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China-Sri Lanka ties transcend partisan politics

By Yu Ning

Sri Lanka’s parliamentary election concluded on Tuesday, with the United National Party (UNP) edging out its rival, the United People’s Freedom Alliance (UPFA). Mahinda Rajapaksa, former president and the UPFA’s candidate for prime minister conceded defeat.
The election has drawn considerable attention as it was viewed as a comeback bid by Rajapaksa. It is also of great significance to Sri Lanka’s political stability and to whether the reform launched by President Maithripala Sirisena would be disrupted.
Since Rajapaksa announced his run, some Western and Indian media have deliberately portrayed him as “Beijing’s preferred candidate” and highlighted that his defeat would be frustrating for Beijing. When the allegedly pro-China former president was unseated by Sirisena in January, there was also speculation that the change of government would pose challenges to Sino-Sri Lankan ties and particularly for the Chinese investments in the country.
Although partisan politics may have a certain effect on bilateral ties, it’s inappropriate to exaggerate the influence. To consolidate high-level strategic cooperation with China has gained bipartisan backing in Sri Lanka’s parliament. No matter which party takes power, it will maintain a good relationship with China.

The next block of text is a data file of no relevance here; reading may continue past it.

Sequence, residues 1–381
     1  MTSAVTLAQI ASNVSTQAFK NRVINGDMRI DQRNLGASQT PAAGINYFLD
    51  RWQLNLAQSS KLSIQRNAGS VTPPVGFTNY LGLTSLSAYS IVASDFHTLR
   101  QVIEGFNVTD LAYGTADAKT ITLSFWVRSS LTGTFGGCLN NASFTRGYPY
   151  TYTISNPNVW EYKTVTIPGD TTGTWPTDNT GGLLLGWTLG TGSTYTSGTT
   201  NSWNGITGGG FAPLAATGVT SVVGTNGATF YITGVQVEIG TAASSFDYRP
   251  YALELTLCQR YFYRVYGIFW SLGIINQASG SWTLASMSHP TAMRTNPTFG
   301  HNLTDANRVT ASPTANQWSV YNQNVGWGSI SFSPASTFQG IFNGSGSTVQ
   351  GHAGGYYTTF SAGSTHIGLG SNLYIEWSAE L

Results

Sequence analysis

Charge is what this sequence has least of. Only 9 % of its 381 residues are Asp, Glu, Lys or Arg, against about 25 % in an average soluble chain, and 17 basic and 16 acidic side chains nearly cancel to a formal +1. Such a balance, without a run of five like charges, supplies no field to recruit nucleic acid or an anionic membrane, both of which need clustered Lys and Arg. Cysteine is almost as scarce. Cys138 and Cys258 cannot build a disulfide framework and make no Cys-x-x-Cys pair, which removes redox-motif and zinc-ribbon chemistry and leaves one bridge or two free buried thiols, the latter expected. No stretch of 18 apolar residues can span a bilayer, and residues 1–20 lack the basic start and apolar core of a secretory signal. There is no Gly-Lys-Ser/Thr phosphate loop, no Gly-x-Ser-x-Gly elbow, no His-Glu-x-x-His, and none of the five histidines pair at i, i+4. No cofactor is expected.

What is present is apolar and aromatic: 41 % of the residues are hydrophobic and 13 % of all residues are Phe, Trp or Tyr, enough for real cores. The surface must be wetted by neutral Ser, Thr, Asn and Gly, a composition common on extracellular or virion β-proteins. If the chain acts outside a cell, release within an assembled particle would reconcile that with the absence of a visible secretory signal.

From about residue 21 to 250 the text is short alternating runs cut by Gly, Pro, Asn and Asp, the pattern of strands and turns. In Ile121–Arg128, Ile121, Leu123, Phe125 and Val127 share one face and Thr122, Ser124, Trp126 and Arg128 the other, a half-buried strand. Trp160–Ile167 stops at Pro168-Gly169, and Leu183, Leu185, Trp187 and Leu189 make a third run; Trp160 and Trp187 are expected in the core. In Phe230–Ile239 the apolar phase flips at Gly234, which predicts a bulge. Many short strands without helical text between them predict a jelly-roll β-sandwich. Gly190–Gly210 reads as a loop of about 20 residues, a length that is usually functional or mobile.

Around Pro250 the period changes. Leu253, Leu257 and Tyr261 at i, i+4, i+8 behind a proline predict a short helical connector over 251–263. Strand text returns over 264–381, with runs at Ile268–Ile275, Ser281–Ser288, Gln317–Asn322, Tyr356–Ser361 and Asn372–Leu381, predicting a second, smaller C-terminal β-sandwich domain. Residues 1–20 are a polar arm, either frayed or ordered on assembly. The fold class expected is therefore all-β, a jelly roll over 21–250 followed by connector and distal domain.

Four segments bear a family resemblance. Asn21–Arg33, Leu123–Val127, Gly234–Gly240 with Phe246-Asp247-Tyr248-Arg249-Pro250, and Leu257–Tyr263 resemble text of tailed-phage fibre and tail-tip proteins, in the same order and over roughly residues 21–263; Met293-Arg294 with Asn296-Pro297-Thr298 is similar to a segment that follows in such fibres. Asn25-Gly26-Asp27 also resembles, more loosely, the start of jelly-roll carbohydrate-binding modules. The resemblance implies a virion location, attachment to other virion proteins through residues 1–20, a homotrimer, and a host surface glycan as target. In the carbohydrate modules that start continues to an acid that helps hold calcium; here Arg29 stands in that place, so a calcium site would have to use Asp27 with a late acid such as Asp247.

Ranil Wickremesinghe, the incumbent prime minister and who just won enough seats for a second term, told the Financial Times that the UNP would continue to deepen investment ties with China if it retained power. President Sirisena has reiterated on different occasions the importance of Sri Lanka’s relationship with China and called the world’s second-largest economy “a close partner.”

China-Sri Lanka ties
Over the past decade, Chinese investment and other kinds of support have played a critical role in stabilizing the country and driving its economy forward. Although the Sirisena government is recalibrating its foreign policy and seeking a balanced approach in handling relations with big powers, China cannot be avoided. It’s only the outsiders’ wishful thinking that partisan politics will stagnate or even turn back China-Sri Lanka relations. China will also not depend on any single party to maintain the bilateral relationship.
Wickremesinghe retained his power in the parliamentary election, which means the current political framework and power structure will be sustained. The government is expected to gradually resume the suspended foreign-invested projects for the needs of economic development. In March, Sri Lanka suspended a $1.4 billion Chinese-invested port project for review along with other foreign cooperation projects. Earlier this month, Finance Minister Ravi Karunanayake said in an interview with Reuters that Sri Lanka hopes to negotiate a “win-win” compromise that would allow the suspended Chinese projects to resume after months of delays.

Source Global Times

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